Police, Crime and Order: The Case of Stop and Search
Ben Bradford, Beatrice Jauregui, Ian Loader and Jonny Steinberg (eds.) The SAGE Handbook of Global Policing. London: SAGE, summer 2016
46 Pages Posted: 4 Aug 2015
Date Written: July 29, 2015
In this chapter we revisit and extend discussion about the relation of the police to the key political concepts of ‘crime’ and ‘order’ using the case of the police power of stop and search/frisk. We select this power as a case study because its exercise is laden with implications for how we understand the overarching purpose of the police and seek to control and govern police work. Using evidence on the social and spatial distribution of stop and search from several jurisdictions, we contest two legitimating fictions about this power – that it is a tool of crime detection and that it can be subject to effective legal regulation. The evidence, we argue, suggests that stop and search is about control and the assertion of order and the effort to do this implicates not only ‘fighting crime’ but also regulating and disciplining populations based on who they are, not how they behave. Given this, we argue, stop and search is best understood as an aspect of The Police Power recently theorized by Markus Dubber (2005) – a potentially limitless, uncontrollable, extra-legal power to do what is necessary to monitor and control marginal populations. In conclusion, we spell out the regulatory implications of understanding stop and search in these terms.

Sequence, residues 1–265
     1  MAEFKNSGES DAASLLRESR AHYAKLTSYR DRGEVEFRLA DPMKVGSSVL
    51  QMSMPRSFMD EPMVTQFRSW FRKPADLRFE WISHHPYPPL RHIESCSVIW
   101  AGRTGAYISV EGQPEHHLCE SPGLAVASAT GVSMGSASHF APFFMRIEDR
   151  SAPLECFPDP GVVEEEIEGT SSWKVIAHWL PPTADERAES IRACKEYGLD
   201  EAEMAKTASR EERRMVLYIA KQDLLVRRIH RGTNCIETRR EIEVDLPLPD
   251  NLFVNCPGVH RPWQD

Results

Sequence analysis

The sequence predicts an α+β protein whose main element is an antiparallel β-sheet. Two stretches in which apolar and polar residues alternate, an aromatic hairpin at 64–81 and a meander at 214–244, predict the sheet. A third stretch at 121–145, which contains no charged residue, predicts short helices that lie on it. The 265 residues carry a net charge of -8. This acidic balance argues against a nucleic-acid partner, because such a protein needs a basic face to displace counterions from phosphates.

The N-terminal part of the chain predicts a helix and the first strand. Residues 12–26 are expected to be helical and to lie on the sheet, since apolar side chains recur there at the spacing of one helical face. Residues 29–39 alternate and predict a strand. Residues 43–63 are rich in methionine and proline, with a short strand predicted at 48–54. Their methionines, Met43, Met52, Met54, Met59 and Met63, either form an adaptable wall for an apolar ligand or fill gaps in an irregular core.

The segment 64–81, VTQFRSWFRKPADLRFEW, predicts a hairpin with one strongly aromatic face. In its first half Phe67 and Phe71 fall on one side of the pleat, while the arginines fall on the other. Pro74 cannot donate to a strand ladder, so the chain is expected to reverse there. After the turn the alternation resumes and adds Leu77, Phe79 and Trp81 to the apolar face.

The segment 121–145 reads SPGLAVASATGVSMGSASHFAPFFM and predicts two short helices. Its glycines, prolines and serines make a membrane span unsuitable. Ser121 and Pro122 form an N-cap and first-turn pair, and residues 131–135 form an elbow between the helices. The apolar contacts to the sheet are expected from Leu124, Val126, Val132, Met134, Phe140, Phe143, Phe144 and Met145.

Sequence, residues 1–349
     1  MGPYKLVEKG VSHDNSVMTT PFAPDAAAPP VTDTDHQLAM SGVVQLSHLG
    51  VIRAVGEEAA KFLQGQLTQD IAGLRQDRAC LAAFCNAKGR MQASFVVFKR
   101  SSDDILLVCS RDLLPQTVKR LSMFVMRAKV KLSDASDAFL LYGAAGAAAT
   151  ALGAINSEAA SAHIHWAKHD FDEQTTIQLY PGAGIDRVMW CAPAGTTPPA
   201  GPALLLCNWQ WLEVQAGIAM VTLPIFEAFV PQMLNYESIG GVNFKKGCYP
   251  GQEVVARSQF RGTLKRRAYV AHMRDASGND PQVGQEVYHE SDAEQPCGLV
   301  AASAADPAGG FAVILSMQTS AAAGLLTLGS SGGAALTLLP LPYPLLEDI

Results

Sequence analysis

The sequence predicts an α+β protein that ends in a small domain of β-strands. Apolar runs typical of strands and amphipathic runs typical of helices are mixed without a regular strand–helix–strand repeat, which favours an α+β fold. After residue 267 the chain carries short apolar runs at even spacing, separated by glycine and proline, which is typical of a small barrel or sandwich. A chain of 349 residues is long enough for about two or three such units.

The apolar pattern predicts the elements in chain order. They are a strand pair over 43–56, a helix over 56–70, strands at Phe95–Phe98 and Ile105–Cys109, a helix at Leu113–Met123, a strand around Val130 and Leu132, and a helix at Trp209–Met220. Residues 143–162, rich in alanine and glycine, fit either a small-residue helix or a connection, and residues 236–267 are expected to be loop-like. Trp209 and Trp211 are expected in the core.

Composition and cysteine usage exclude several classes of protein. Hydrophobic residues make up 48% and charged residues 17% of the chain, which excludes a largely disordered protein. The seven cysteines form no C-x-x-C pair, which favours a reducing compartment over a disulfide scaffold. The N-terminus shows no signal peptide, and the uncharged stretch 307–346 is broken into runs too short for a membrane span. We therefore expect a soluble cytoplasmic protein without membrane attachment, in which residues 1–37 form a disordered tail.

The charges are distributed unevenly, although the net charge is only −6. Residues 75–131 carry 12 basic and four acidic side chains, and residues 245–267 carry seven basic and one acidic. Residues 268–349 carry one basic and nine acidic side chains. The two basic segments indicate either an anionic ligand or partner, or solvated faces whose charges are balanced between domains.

Keywords: crime, police, marginality, order, stop and search
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